My neighbor across the street plays guitar. A couple years ago, he was telling me about his church’s process for selecting new electric guitar gear and how the question of digital vs. analog came up in their discussion. The guitarists were adamant that they had to have amps, and the amps had to have tubes in them.
I’ve long suspected guitarists of being somewhat eccentric about their tone. I wanted to tell my neighbor that by the time you put a microphone in front of that amp, run it through all the cables and processors to get it to the speakers and put the speakers in a room, there is no way to re-create the experience of standing in front of a guitar amp for more than one person at a time.
I later realized, though, that even if that guitarist is the only one hearing that perfectly overdriven, creamy, tube-distorted, analog tone, there is still value in that. And the value is that guitarist is inspired.
As leaders, we have to be inspired if we are to inspire others. If you aren’t inspiring others to do or be something different, you aren’t leading. In worship, every musician and singer is in his/her position to help inspire worship. It is imperative that we as worship leaders don’t wait for inspiration. We have to acquire it.
Inspiration literally means the act of drawing in; specifically, the drawing of air into the lungs.1 To acquire inspiration, we have to breathe in the right kind of “air.” Here are some ways worship leaders and musicians can intentionally seek inspiration.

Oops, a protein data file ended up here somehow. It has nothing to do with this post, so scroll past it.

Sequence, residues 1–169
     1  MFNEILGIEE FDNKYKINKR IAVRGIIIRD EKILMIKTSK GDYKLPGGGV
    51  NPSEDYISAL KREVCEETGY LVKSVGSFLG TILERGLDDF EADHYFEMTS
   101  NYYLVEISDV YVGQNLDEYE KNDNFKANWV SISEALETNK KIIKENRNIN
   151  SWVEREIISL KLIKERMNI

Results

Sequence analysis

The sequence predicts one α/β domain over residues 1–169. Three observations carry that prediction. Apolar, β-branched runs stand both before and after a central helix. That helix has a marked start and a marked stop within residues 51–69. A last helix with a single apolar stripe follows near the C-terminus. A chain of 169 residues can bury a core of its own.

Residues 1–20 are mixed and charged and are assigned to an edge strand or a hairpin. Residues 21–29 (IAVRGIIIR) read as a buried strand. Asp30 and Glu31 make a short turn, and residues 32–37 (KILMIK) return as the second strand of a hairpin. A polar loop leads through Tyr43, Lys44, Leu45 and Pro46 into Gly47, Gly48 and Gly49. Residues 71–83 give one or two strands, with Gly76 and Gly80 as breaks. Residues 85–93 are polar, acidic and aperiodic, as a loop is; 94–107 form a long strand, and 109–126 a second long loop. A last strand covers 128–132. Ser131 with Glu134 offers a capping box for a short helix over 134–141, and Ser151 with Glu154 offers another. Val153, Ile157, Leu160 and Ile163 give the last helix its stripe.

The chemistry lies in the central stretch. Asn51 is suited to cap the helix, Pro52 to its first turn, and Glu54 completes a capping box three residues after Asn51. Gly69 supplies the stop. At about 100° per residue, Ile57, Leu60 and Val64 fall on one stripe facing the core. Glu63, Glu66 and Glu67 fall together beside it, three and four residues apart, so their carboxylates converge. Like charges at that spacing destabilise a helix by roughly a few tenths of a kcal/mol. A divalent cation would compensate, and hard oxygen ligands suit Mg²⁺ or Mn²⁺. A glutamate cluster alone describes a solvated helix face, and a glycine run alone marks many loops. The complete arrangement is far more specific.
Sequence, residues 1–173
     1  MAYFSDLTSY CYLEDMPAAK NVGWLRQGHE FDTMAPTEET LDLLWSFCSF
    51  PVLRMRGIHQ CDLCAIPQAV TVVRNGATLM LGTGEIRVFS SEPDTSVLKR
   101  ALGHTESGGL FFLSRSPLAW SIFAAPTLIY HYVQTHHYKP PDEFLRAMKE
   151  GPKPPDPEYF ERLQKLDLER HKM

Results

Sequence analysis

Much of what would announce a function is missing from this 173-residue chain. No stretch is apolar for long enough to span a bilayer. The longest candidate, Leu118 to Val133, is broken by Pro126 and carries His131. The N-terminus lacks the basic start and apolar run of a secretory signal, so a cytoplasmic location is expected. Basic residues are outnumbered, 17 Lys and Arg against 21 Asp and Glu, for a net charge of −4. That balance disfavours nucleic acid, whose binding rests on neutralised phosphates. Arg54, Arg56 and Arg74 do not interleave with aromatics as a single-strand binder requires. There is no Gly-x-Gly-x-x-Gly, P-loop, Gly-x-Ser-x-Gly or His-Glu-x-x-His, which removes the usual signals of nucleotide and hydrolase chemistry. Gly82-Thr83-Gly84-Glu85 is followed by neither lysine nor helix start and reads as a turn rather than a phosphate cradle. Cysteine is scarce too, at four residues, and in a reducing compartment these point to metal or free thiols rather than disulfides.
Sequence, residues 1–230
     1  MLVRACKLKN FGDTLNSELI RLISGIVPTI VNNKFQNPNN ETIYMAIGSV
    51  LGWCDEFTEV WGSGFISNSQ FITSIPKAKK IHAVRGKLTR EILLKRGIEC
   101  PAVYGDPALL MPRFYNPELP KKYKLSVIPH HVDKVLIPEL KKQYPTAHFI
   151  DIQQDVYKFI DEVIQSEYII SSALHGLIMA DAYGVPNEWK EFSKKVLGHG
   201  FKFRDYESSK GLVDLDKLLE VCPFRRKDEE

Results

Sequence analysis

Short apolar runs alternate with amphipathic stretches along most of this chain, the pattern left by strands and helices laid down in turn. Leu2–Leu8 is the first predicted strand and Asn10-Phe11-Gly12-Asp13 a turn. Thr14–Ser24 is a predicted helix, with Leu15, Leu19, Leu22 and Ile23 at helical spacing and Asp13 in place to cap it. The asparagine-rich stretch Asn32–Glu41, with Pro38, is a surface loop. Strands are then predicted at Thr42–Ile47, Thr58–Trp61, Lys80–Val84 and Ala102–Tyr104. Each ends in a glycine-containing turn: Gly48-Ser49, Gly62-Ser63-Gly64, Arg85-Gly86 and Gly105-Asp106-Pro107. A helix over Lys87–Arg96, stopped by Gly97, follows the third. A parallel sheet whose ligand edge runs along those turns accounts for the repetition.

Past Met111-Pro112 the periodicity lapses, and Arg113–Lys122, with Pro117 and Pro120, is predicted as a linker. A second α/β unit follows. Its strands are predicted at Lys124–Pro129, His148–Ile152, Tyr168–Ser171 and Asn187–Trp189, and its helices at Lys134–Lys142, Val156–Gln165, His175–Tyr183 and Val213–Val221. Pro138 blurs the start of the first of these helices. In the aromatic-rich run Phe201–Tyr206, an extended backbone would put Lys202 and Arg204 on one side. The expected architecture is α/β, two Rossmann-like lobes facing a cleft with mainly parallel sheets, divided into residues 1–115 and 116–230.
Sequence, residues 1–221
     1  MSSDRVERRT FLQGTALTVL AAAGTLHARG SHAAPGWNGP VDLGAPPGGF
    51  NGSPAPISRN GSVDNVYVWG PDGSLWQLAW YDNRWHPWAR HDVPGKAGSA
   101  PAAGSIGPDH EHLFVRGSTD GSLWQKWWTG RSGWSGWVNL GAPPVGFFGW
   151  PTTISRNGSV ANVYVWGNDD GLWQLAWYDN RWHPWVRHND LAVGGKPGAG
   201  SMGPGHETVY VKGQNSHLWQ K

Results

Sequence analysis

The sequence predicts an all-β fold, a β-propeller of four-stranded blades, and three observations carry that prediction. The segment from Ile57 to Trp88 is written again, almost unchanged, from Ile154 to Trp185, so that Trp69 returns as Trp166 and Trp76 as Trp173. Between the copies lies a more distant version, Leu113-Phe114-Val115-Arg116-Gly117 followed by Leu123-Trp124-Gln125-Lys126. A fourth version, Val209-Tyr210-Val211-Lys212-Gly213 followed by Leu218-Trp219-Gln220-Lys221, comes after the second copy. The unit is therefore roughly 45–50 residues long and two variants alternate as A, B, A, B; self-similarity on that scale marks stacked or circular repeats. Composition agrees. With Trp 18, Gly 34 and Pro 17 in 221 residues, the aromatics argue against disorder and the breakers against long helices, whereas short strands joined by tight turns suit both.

1. Listen to new music.
Too often, we listen to the same songs, artists, or genres. Get some recommendations for a new and different artist. Buy the whole album, not just the singles that appeal to you after listening to the samples. Listen to the whole album, all the way through. No skipping, no repeating. You may be surprised by what you begin to enjoy.
2. Get your gear together.
Good-sounding gear inspires musicians. Do your best to have good-sounding, working instruments (vocals, too). Also, we typically access a only small percentage of our gear’s potential. Take some time to dig into the possibilities.
3. Practice a different style
If you play by chords, learn something using music notation, or vice versa. If you typically play one style of music, learn something in a different style. Gungor fans appreciate “the brilliance” of keyboardist John Arndt2 in no small part for how he integrates his classical piano training. Try something new and see how you can incorporate it into your regular playing.
4. Collaborate with others.
Have a jam session. Write a song with someone else. Experiment with vocal harmonies. Push the boundaries of what you normally play together.
5. Spend time with your Creator.
Whether through worship, study, prayer, or silent meditation, allow God, the ultimate creator and inspirer, to breathe into your spirit.
How do you seek inspiration? What is something that has inspired you recently?
1. “inspiration.” Merriam-Webster.com. 2014. http://www.merriam-webster.com (11 April 2014).
2. John also plays for a band called “The Brilliance.” See what I did there?